November General Meeting Report
AThe Cranbourne Meteorite Fall@
Peter Skilton, Astronomical Society Frankston.

Cranbourne is an old settlement located just north of the Mornington Peninsula and Westernport. It is 49 km south-east of Melbourne via the M1 and the South Gippsland Highway and is situated at an elevation of 50 metres above sea-level. The population of Cranbourne in the early 1990 was about 20,000. It is now among the fastest growing suburbs of Melbourne and part of the City of Casey.
In the late 1850 Cranbourne came to the attention of the scientific community as the location of a number of meteorites there became public knowledge. Large pieces of meteoric boulders were being discovered in a wide track between Beaconsfield and Langwarrin. In 1853 shepherds and settlers observed some Aboriginals dancing around a large piece of metallic rock, projecting from the ground on the McKay property. At first it was assumed this was a natural outcrop of iron ore in the area. A block the size of a child's head was cut from a projecting spur and some of it forged into a small horseshoe. It, and >a Specimen of iron from Western Port= was put on display in the Melbourne Exhibition in 1854. The town clerk of Melbourne, F.G. Fitzgibbon, a delegate for the City Council, soon determined that the 'pure iron' masses near Cranbourne had no relation to the seemingly ferriferous rock of the district and that they were undoubtedly meteorites.
The statistics of the Cranbourne Meteorite are mind-boggling. Time of impact is difficult to pinpoint due to the swampy environment, but by the degree of rusting it has been set tentatively at 1700CE. 12 pieces have been found so far and their total mass is around 9 tons. In fact, Cranbourne No. 1 and 2, at 3.5 & 1.5 tons respectively, are ranked in eleventh place on the list of the world's heaviest known meteorites, and in Australia second only to the Mundrabilla fall (on the Nullarbor Plain, W.A.) boasting two large masses at 12 and 5 tons. The world's largest meteorite was found in 1920 at Hoba West in Namibia and weighs about 60 tonnes.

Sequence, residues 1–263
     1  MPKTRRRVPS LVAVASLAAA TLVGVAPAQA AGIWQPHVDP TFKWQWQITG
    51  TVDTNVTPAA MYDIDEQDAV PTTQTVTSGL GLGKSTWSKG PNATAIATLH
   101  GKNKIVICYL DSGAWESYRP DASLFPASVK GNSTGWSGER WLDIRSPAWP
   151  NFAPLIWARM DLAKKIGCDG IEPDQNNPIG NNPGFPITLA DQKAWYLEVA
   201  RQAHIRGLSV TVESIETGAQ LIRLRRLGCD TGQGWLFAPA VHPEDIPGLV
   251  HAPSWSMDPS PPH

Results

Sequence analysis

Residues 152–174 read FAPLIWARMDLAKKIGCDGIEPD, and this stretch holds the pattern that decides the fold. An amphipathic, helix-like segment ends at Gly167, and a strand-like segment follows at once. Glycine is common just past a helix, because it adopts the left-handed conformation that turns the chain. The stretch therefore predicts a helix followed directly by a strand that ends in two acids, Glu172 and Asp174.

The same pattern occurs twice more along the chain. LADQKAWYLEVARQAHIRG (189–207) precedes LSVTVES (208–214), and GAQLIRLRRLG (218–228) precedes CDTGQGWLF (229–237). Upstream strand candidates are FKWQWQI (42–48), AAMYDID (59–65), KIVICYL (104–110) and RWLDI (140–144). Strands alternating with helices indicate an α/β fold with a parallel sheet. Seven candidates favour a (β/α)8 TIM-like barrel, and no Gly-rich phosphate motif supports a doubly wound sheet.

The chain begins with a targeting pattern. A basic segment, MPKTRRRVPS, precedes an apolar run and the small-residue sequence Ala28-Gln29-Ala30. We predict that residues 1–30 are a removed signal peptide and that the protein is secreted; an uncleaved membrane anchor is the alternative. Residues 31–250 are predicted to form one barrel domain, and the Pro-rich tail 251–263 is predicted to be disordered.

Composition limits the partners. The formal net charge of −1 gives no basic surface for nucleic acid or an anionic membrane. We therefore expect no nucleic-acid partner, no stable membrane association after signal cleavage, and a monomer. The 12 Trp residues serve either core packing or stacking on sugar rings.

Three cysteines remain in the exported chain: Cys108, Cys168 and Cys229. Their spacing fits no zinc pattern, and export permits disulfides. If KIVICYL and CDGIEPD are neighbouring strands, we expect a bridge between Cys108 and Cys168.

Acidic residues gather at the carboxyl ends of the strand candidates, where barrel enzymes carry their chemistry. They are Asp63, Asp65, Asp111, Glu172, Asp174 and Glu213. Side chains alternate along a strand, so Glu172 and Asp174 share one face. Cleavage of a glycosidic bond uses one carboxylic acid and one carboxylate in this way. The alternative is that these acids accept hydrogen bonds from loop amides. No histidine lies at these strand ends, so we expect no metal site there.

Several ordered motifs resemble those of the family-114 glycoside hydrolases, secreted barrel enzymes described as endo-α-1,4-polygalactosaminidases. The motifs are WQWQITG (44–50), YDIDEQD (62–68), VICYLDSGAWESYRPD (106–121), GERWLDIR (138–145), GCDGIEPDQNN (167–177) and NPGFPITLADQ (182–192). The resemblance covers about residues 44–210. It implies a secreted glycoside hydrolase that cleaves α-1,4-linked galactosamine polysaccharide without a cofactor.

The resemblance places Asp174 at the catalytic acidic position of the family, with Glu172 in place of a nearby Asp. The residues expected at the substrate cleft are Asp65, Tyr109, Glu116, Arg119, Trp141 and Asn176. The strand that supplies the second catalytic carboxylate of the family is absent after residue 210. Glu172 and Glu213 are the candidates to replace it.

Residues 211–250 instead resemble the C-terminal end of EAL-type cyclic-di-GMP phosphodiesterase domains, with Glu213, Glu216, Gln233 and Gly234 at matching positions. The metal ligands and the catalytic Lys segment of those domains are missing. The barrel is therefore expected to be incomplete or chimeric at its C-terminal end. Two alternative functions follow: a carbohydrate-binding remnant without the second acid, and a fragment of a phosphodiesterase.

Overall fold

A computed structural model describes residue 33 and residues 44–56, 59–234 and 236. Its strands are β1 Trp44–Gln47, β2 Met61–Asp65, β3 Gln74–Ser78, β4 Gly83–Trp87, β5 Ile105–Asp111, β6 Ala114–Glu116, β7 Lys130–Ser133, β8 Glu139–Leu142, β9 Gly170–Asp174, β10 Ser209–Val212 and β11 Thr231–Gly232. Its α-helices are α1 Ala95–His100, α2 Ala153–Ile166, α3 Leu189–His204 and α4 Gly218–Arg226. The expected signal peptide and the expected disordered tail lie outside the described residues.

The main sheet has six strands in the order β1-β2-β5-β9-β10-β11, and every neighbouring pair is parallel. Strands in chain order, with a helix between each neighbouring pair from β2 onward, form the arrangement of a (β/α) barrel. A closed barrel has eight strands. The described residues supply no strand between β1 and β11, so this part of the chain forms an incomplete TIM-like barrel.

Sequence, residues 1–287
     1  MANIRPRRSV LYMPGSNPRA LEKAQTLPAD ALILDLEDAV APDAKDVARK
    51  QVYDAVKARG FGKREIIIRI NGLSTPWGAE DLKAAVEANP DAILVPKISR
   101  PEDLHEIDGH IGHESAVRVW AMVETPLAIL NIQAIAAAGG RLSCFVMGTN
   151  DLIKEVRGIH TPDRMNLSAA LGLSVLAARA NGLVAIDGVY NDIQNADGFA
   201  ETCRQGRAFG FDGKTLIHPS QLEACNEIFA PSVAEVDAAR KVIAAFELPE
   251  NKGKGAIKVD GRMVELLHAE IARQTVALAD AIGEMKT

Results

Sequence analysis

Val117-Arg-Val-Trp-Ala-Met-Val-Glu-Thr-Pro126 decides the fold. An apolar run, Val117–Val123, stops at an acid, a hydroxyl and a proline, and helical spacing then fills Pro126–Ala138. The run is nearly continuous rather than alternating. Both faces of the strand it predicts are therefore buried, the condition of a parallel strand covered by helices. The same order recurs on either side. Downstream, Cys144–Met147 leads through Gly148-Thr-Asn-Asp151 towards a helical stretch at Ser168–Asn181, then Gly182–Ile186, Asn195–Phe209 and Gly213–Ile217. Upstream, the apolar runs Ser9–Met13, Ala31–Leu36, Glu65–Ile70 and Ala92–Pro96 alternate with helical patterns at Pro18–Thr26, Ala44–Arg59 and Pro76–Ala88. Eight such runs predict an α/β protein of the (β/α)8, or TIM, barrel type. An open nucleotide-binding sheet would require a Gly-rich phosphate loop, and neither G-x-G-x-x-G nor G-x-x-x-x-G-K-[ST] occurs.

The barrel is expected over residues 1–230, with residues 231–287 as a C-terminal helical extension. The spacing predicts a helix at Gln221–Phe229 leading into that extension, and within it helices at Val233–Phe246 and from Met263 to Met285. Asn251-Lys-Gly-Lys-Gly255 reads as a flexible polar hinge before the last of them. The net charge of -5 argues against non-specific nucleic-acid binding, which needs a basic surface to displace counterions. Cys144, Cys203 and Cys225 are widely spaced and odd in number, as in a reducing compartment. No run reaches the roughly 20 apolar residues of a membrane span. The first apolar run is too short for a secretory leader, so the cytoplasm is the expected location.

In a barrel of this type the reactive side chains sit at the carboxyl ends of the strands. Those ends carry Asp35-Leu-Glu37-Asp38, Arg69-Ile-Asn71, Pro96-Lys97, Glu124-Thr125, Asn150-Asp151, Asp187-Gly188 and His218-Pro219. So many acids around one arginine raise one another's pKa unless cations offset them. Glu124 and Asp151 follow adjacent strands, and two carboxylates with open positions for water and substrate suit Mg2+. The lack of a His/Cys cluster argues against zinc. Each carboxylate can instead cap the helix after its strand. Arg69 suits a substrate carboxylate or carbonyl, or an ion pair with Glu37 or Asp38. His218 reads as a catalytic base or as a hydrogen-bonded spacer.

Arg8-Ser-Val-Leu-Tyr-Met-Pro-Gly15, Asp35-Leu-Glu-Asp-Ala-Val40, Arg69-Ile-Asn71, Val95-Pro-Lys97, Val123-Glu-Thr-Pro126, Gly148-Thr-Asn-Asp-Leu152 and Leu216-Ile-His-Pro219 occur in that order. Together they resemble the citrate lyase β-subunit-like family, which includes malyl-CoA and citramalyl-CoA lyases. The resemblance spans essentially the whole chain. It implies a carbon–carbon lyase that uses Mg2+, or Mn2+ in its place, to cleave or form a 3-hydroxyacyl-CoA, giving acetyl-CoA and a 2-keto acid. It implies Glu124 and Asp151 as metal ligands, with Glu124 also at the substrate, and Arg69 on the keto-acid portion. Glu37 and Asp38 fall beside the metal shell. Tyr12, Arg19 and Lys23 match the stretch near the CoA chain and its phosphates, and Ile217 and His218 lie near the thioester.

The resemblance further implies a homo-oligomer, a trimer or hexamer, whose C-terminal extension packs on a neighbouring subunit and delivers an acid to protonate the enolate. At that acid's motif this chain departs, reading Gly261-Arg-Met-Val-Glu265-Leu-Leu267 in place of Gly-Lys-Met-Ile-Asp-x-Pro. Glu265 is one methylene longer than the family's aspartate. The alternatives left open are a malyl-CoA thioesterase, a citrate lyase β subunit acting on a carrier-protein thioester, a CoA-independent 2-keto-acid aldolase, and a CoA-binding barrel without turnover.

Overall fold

Each fragment of the Cranbourne meteorite has a story to it, some have a serendipitous discovery, with others it is the numbering, the categorising and, for some shipment to Museums, Universities and Survey Departments. These stories, as well as scale models of the fragments, can be found at the Cranbourne Meteorite Park on the South Gippsland Highway. Fragment No. 12 is on display in the foyer of the City of Casey Council Offices, Narre Warren and can be visited any time during office hours.

Peter Skilton passed two small samples of iron meteorite around, one surprisingly polished, the other heavily magnetised. The way he kept his eyes on them as they went from hand to hand through the assembly probably means they were quite valuable. He talked about the Cranbourne Meteorite subject as an on-going project, a project not yet complete. On hand of a PowerPoint presentation he showed the various impact locations where the objects have been found (the photos were identified in a novel way by children holding out the required number of fingers each time to match the site number), and explained how he and his group plotted the line and dispersion of the meteorite fragments. This pattern, he says, seems to indicate a substantial missing mass south of the flight path, which he (with a bit of help) hopes to locate some day.
The Cranbourne Meteorite Fragments map shown was produced by John Cleverdon for Peter Skilton. It is based on digital mapping data taken from Mapinfo (GIS), with extra information added as required. The area of the circles is based upon the relative masses of the meteorites. When referring to the map it is evident that with the exception of the Pakenham No. 6 and Pearcedale No. 11, the remaining meteors were all located in a straight line approx. 21 kilometres apart.
There were many questions for Peter during Supper time, covering the whole field of meteoritics, from meteor to meteoroid and meteorite, to comets and asteroidal dust. It is a field were past history and the future clearly meet and influence each other in the present.

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